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    • CommentAuthorTapeleg
    • CommentTimeApr 20th 2010
    <blockquote>Relating this back to the main idea of the thread, I think what's around the corner for comics is people who plan and see a longview as being "revolutionary". Storytellers much more interested in the longview of what a told story will impact down the road, rather than "events". Writers/artists who are skilled at working an idea and going through the process of creative building.</blockquote>

    I was thinking the same thing when I was reading this thread. The thing I think is going to be 'new' and 'exciting' is going to be better storytelling. The comic industry doesn't seem largely concerned with storytelling when it's more concerned with keeping names and franchises alive. (Understand that I'm talking about the industry, not the individual creators, and I'm saying it from a very limited view, ie: the consumer) We lament the ten titles of Big-Time Super Dude spread out on the shelf, and this seems like a good reason. It's continuity (sometimes) and events, but not a ton of story. Who couldn't live without an era (several years) of a given market flooded super-title? You could pick it up again, and not miss a beat. There are exceptions, but they don't come along often enough.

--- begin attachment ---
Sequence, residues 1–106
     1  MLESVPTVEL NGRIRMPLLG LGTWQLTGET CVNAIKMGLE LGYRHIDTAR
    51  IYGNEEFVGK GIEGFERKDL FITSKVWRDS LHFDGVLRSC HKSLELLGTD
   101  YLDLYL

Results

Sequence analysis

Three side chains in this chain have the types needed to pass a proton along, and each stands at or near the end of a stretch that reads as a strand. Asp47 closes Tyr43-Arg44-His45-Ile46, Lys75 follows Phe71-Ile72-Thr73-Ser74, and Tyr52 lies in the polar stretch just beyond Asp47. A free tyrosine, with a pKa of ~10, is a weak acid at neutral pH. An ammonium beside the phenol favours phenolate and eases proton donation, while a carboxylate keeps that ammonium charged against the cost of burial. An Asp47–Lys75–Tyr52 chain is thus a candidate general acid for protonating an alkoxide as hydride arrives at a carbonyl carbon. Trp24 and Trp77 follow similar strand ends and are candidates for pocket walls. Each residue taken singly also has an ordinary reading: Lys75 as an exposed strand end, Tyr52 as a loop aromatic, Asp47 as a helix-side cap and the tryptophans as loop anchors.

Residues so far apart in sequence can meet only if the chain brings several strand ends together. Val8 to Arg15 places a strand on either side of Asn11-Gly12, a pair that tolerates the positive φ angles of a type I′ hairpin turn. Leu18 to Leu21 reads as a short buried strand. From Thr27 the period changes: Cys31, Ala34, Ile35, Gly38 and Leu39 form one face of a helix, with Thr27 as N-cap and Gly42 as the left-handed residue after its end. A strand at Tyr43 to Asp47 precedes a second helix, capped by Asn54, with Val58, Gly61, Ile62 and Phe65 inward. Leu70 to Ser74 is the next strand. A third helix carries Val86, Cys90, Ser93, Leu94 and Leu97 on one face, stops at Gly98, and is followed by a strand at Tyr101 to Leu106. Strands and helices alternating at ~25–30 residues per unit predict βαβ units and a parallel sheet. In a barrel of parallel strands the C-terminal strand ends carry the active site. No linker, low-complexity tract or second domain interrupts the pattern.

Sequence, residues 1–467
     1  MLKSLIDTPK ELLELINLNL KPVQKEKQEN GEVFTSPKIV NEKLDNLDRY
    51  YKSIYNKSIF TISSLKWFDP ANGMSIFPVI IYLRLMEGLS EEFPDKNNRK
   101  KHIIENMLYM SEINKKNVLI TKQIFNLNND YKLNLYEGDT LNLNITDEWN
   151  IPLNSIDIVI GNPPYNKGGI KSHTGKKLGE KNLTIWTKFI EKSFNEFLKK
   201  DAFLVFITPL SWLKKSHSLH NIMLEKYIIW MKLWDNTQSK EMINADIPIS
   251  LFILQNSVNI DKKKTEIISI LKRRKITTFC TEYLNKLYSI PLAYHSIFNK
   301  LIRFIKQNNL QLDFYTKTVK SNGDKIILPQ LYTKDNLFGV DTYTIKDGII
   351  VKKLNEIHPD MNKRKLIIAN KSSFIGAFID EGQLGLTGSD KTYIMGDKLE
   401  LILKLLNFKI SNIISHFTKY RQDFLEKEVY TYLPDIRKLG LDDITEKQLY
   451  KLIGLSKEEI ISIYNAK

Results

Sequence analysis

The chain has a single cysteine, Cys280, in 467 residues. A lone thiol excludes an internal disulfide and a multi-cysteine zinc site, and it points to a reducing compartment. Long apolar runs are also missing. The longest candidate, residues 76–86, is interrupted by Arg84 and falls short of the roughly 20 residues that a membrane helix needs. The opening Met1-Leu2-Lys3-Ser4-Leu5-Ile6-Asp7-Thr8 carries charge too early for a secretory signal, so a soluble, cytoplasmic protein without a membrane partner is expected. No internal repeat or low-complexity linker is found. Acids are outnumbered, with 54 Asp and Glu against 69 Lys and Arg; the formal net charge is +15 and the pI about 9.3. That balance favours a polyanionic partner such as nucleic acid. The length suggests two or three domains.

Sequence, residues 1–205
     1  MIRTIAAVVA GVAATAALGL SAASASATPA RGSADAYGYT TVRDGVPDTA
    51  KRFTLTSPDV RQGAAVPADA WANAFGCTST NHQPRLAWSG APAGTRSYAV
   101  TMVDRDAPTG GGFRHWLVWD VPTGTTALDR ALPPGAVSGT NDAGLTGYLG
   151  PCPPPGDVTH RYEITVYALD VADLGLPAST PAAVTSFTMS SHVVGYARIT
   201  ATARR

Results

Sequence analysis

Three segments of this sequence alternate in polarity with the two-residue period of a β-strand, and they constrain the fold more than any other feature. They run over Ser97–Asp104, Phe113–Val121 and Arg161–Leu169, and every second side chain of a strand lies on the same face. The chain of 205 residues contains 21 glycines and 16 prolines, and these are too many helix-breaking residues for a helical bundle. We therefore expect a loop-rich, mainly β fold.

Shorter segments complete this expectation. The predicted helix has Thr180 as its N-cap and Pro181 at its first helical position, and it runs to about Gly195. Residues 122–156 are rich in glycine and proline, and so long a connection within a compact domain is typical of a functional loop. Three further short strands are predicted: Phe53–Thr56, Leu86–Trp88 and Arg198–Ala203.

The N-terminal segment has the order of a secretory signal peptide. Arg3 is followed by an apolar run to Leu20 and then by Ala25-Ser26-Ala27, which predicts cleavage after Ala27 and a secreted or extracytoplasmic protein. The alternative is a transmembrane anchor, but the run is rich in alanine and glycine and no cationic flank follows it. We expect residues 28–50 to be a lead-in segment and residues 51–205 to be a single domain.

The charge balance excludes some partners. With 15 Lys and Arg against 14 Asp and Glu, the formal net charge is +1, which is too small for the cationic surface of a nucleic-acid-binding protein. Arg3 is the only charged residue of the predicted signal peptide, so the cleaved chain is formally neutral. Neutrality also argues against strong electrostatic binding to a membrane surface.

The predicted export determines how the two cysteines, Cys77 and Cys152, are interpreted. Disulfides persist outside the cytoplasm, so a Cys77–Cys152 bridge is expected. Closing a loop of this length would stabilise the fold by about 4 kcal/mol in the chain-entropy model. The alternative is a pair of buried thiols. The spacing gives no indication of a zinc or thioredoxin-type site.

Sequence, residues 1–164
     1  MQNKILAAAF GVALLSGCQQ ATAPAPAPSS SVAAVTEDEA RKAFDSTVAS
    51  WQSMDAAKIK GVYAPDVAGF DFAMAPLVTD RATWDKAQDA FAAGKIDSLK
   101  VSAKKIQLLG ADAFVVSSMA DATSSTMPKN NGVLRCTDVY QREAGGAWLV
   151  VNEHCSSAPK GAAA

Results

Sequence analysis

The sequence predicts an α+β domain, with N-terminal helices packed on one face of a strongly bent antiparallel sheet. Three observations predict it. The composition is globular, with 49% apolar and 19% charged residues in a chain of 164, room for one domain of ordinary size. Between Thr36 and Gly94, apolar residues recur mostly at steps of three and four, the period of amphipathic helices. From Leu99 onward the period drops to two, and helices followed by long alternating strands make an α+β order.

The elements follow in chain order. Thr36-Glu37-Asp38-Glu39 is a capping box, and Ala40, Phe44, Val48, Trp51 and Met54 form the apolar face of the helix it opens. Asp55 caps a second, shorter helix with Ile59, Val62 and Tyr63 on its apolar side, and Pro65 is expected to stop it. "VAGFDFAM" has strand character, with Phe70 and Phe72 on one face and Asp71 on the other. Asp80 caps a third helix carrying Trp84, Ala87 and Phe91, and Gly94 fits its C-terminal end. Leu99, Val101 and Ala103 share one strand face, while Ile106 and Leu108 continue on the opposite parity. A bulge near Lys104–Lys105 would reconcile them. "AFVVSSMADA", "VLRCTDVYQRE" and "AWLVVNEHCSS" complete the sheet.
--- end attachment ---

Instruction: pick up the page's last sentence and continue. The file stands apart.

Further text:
Are we so hung up on 'new' and 'innovative' that we are forgetting to appreciate 'good?' How long do we linger on good writing and good art, good storytelling and good concept. TNN looked great, but it doesn't drive me back to it. Not like Goodbye, Chunky Rice, BOP, Scott Pilgram, and on and on. They aren't putting something high concept physically in my hands, but they are simply great comics, with good storytelling. I'm not saying innovation and trying new things are bad, but moving the craft forward is going to be done in the stories. At least, that's what I go for. Not cheap plastic rings and meaningless events.

    The book of the month for the city of Philadelphia is The Complete Persepolis, not Blackest Night. There's a reason for that.
    • CommentAuthorJeff P.
    • CommentTimeApr 20th 2010
    We haven't seen a lot of idealogical conflicts in comics. We see differing viewpoints and goals, but not much of the philosophies driving them. A lot of SF I've read lately has dealt with conflicts between those who adhere to the sanctity of tradition and the ones who are driven to strike new territory, whether it be technology or way-of-life.
    That's an idea: the worship of retro and nostalgia is the plague holding back the advance of culture. Could be a secular "religion" restraining society, or a meme-phage destroying new constructs in a sim.